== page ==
Figure 1 User Interface of the Flight Model Program

Control Technology Overview

The R/3 system communicates with the user via screens on the frontend. In classical ABAP programming, screens may contain input/output fields, checkboxes, radio buttons, and push buttons to interact with the user.

      All user actions that raise the runtime event PAI (Process After Input) and the respective processing on the application server are connected to a function code that is transported to the application server.¹

Controls in General

Controls are independent software components that are shipped with the SAP GUI, beginning with Release 4.5. You can place controls on screens to either replace or work alongside classical components - both are supported in parallel. SAP currently supports ActiveX controls for Microsoft Windows platforms and JavaBeans for the SAP GUI in the Java environment.

      Note that controls provide a great deal of functionality and can keep a lot of data at the presentation server without putting weight on the application server (for example, during scrolling and editing of texts). On the other hand, frequent data exchange between the frontend and backend may increase the network load. Therefore, controls are appropriate when most of the work can be done at the frontend and when exchange with the backend does not occur too often.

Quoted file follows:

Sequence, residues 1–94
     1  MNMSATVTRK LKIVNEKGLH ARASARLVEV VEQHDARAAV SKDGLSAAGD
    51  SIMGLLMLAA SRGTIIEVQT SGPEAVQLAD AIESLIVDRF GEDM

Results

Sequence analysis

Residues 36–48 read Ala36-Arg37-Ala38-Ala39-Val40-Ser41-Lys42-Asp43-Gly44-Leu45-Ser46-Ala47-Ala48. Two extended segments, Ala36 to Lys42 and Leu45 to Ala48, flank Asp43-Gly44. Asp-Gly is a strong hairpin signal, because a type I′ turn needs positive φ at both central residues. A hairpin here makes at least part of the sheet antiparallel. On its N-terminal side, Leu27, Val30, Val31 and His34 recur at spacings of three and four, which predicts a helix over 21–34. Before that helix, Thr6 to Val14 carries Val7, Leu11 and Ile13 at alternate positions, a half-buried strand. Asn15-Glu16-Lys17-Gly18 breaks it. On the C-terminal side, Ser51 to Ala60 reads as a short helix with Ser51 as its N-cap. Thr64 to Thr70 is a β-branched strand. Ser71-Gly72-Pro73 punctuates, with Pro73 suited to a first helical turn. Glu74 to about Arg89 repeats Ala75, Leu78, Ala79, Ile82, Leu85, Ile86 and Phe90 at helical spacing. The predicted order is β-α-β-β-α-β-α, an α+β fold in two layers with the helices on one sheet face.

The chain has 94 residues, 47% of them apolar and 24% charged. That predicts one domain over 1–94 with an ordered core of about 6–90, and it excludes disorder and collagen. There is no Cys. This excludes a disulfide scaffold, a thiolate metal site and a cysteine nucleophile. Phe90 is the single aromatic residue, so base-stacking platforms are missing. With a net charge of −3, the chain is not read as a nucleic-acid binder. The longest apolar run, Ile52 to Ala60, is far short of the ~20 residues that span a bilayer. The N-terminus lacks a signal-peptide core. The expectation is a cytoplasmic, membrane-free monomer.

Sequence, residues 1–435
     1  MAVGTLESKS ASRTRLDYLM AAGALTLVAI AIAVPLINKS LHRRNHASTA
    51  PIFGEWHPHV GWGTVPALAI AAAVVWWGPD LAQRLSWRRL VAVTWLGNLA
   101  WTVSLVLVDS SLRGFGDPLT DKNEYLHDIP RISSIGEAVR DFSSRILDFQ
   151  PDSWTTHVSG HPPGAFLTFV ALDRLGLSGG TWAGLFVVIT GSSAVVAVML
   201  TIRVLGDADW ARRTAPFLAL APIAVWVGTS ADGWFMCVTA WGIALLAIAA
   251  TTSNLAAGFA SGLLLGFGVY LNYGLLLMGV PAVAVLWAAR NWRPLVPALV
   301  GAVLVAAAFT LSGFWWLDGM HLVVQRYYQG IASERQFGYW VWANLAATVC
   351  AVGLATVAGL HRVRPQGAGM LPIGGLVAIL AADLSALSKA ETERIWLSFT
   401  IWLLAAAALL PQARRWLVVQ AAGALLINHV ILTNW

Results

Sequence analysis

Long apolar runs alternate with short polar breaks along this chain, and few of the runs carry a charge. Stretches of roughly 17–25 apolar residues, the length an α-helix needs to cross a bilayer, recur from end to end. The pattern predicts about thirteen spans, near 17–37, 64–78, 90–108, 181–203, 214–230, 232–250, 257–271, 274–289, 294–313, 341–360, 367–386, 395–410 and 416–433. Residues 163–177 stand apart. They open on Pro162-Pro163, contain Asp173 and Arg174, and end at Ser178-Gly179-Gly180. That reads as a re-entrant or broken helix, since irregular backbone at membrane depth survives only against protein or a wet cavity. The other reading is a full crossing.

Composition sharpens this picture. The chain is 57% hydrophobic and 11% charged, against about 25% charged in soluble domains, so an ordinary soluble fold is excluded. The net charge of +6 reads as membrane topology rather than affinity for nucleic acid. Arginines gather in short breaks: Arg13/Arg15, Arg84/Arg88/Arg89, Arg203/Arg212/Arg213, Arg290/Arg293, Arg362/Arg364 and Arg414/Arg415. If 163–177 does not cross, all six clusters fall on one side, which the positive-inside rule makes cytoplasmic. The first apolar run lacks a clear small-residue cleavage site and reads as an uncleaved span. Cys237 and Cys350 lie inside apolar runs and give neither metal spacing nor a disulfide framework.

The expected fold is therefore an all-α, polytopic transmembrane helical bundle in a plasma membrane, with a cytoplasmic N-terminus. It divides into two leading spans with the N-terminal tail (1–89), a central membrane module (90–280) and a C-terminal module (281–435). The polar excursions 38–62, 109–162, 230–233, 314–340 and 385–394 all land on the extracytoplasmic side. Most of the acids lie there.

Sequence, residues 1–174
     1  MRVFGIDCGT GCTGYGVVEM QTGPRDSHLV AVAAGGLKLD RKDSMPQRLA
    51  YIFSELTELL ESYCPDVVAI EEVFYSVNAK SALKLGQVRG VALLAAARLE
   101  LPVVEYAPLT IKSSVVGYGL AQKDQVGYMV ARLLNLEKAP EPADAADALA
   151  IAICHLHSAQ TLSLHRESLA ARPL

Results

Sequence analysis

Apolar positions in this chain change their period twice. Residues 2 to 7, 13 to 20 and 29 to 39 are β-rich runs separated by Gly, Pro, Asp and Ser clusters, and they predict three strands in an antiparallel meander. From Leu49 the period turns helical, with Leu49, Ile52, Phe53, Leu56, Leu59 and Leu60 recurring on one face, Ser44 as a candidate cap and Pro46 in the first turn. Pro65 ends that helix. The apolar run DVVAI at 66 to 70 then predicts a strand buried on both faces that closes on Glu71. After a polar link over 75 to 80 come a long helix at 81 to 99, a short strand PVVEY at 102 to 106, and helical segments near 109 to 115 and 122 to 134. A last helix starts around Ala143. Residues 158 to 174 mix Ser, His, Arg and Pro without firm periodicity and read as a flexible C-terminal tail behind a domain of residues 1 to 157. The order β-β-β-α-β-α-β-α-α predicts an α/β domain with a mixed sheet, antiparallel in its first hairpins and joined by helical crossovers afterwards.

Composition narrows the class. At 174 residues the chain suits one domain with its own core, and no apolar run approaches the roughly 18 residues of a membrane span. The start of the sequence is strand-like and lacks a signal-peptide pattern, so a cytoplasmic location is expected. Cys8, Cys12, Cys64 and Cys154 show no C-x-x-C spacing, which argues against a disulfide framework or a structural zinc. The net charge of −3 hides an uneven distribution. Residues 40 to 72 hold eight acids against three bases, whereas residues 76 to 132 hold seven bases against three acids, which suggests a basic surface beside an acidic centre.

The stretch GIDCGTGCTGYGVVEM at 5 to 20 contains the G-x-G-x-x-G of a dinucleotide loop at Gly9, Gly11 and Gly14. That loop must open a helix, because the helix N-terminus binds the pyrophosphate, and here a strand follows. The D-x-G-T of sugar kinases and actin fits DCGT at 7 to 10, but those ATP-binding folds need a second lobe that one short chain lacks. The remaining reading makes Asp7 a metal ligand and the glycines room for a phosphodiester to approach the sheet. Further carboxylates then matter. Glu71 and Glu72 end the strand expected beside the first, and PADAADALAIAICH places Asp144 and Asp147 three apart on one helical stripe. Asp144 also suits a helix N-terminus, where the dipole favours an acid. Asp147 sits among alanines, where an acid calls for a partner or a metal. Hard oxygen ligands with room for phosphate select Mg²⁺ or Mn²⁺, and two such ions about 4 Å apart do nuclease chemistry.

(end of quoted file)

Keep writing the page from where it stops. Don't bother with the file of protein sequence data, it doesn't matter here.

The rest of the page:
Control Framework

In order to facilitate programming with controls, starting with Release 4.6, the SAP Basis system provides a control framework (CFW). The CFW encapsulates all available controls in global classes of ABAP Objects. To work with controls on your screen, simply create objects of these global classes, call their methods, and react on their events. Since the CFW classes are part of an inheritance hierarchy, these classes provide a standardized interface for most of the common functionality you will find in the controls.